Once darkness fell, the group reconvened and led Kolter and their mounts to a stable they had discovered near the outer edge of town. To their relief, there were no dead animals waiting for them. Whether they had been taken by whoever had laid waste to the village or had managed to escape on their own, they had left the stalls empty. The horses and Andigar’s pony found spaces of their own to relax and some left over grain to feed on. The rest of them bunched into a large stall at the end.
Bren passed out dried fruit and nuts to Andigar and Korkarin. The latter fixed Mathias Kolter with calculating eyes. Kolter, for his part, had stayed quiet at the mention of a gag, though his arms had grown increasingly comfortable from the long hours of being bound. With tremendous reluctance, Korkarin unfastened the rope around the human’s wrists.
“Thank you, Tal. Er, Captain, I mean,” Kolter said. He rubbed at the red marks the rope had left. “That feels much better.” He eyed the food with a hungry glint in his eye. “Do you think… you think I could maybe get a bite or two to eat? Just one bite would be fine.”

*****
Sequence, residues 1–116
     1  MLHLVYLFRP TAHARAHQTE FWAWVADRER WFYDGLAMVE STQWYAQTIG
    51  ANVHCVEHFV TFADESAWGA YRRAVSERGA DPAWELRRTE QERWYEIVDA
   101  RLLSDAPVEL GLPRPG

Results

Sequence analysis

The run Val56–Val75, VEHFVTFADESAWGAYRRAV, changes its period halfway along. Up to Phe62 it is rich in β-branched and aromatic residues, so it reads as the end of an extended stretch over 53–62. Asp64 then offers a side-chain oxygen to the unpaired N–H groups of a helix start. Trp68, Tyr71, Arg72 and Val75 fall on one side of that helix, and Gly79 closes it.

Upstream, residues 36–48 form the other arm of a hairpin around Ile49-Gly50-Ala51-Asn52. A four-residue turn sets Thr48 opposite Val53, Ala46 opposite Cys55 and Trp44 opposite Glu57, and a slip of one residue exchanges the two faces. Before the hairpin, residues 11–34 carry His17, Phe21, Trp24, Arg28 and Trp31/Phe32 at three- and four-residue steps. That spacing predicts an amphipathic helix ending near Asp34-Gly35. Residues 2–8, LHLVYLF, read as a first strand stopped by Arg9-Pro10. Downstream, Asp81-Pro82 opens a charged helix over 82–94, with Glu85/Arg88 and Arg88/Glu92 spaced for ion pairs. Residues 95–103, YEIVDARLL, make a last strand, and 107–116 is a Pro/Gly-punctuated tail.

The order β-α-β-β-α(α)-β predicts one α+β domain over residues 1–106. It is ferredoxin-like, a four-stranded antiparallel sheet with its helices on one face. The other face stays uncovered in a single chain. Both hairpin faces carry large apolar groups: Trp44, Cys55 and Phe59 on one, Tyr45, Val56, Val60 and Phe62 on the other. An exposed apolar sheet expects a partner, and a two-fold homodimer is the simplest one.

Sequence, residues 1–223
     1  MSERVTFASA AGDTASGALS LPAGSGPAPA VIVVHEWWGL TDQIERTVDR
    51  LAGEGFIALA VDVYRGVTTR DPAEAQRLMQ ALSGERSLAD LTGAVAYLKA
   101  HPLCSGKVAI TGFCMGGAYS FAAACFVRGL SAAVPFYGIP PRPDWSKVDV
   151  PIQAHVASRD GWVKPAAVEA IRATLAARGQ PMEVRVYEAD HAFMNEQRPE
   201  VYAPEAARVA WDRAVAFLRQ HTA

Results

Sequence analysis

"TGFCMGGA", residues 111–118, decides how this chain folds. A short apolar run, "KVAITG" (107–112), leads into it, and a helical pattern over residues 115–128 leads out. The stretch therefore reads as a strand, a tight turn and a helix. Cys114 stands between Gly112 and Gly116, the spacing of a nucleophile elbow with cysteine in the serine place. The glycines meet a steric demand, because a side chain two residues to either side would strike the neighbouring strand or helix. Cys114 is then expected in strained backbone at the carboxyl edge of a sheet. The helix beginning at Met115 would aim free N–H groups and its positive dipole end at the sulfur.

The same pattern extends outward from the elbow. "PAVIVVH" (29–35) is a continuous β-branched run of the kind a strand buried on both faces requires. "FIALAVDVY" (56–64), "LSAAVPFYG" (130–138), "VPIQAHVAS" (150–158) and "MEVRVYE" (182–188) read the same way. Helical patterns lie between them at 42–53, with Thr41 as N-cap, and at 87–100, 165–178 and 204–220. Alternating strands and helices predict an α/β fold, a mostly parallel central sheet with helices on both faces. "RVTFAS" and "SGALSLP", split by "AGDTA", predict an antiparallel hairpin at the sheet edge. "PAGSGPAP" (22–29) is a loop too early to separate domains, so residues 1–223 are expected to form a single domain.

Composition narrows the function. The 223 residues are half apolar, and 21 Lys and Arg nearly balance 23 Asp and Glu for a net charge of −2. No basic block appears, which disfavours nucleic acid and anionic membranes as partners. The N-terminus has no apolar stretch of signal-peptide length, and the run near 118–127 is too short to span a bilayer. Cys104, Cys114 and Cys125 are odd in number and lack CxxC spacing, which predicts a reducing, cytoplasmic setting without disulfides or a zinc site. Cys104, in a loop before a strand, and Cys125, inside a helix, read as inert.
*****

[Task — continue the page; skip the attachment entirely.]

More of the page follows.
“When’s the last time you ate?” Bren asked.
“I finished off the rest of my bread yesterday afternoon.”
“Then, no. You’ll live.”
Andigar smirked and popped a slice of dried peach in his mouth. Kolter scowled at the baunkar in return but knew to argue was to continue a fight he would never win. He opted to change the subject instead.
“Must we sleep out here? It smells atrocious.”
“It’s a stable,” Andigar said.
“I had managed to piece that together via an assortment of context clues, thank you. What I meant to say is that there are several perfectly good, perfectly warm, unoccupied houses we could be using instead.”
“None of us are sleeping in a dead man’s house,” Korkarin said. “If you’re cold, tuck yourself under some of that hay.”
“Or we could set him on fire,” Bren suggested.
“Or we could set you on fire,” Korkarin said to Kolter.
“It would keep the rest of us warm,” Andigar added.
The human grumbled, “I prefer myself flameless. I’ll… see what I can do with the hay.”